A KILBARCHAN woman will be stomping through the streets of Edinburgh this weekend to raise funds for breast cancer research.

Helen Arthur, 62, was first inspired to take on MoonWalk Scotland in aid of charity Walk the Walk when her friend Gaynor Ranshaw, who had previously been diagnosed with breast cancer, wanted to give it a go to celebrate the 15th anniversary of a successful operation to remove her lump.

Two years on from their first 13.1-mile jaunt, Helen and Gaynor are preparing to take on the half-marathon challenge for a third time on Saturday as they continue to bring hope to those fighting the condition.

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The 2019 version of the MoonWalk will see thousands of men, women and children march through the streets of the capital at midnight wearing brightly-coloured bras, with participants able to choose between a quarter, half, full or double marathon.

Helen, who is a mum-of-two, said: “Gaynor first approached me about doing the MoonWalk when it was the 15th anniversary of her operation and we have done it every year since.

“She is all-clear now and sees herself as one of the lucky ones but we want to keep making sure people keep surviving like Gaynor. Just because she survived, doesn’t mean we should stop fighting.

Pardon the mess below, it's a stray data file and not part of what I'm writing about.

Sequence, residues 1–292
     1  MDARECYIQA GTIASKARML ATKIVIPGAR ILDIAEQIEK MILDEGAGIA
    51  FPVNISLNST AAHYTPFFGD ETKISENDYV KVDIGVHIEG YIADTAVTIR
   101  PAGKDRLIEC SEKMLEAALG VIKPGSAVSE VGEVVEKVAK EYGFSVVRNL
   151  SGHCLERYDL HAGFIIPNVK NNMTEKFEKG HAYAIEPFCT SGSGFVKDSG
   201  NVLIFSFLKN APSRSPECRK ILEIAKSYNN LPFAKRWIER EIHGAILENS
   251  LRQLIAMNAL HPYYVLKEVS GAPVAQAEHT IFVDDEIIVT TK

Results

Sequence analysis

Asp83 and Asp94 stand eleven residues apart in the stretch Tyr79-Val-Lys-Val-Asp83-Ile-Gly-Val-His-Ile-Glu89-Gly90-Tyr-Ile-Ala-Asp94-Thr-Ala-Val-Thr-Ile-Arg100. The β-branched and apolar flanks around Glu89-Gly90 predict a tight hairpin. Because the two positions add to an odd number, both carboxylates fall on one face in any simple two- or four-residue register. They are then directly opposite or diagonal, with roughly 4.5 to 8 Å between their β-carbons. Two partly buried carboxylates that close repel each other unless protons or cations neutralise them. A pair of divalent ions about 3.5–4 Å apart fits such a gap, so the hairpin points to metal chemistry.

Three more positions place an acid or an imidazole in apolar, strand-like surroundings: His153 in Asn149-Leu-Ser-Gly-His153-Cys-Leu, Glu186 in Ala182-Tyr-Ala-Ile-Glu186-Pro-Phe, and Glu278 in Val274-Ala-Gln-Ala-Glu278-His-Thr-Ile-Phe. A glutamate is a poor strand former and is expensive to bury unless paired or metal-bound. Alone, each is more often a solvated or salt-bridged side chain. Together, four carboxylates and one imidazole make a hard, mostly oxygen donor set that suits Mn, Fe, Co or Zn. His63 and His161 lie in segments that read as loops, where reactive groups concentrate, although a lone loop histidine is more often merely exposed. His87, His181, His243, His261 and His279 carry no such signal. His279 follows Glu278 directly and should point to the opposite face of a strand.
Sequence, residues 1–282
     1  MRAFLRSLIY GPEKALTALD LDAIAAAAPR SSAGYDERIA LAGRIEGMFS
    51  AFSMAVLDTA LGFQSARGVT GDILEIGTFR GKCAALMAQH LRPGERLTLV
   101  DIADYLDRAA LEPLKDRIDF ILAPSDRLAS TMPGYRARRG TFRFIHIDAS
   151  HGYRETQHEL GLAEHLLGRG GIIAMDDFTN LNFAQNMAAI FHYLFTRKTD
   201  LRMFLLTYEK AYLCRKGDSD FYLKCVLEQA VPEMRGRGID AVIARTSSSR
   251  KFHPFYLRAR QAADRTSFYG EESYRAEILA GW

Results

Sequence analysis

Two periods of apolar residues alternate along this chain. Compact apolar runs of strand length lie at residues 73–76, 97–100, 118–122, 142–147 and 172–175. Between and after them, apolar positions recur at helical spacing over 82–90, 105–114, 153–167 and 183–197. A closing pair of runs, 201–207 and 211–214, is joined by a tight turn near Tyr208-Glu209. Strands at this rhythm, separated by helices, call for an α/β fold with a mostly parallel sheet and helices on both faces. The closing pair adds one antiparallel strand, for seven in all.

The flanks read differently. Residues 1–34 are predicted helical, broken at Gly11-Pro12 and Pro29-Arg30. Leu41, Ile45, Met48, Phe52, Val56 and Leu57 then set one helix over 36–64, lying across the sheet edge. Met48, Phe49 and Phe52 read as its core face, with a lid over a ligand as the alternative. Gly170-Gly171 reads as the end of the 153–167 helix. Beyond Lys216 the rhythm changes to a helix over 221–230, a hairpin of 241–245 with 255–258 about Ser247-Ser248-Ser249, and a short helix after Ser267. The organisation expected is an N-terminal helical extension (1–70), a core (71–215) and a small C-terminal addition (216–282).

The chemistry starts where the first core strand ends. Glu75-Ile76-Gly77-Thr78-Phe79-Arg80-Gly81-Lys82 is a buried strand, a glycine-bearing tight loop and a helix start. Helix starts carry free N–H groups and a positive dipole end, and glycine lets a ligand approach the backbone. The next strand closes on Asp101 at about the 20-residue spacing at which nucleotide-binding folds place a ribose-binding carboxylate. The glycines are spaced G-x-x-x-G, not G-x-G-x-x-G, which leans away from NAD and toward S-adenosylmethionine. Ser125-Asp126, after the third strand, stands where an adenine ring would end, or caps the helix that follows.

The Gazette: Helen Arthur, Gaynor Ranshaw and their friend Moira Mactaggart after completing the 2017 MoonWalkHelen Arthur, Gaynor Ranshaw and their friend Moira Mactaggart after completing the 2017 MoonWalk

“What people sometimes don’t realise is that pretty much everyone is affected by cancer in some way. I’ve got an aunt who had it and one of my colleagues’ sisters has it. You always know someone.”

Walk the Walk, which was set up 21years ago, is a grant-making breast cancer charity and organises events throughout the UK to raise awareness of the condition.

Helen, who works as a microbiologist at the University of Glasgow, added: “I remember when we did the MoonWalk the first time it was quite daunting but, as soon as we got going, we didn’t feel alone.

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“You could be walking it on your own but you’d never feel it because there are all these people with you who have a common goal.

“It’s the kind of event that does tug on your heartstrings.”

Volunteers are still needed to help the MoonWalk Scotland run smoothly.

If you think you can help on Saturday, sign up here

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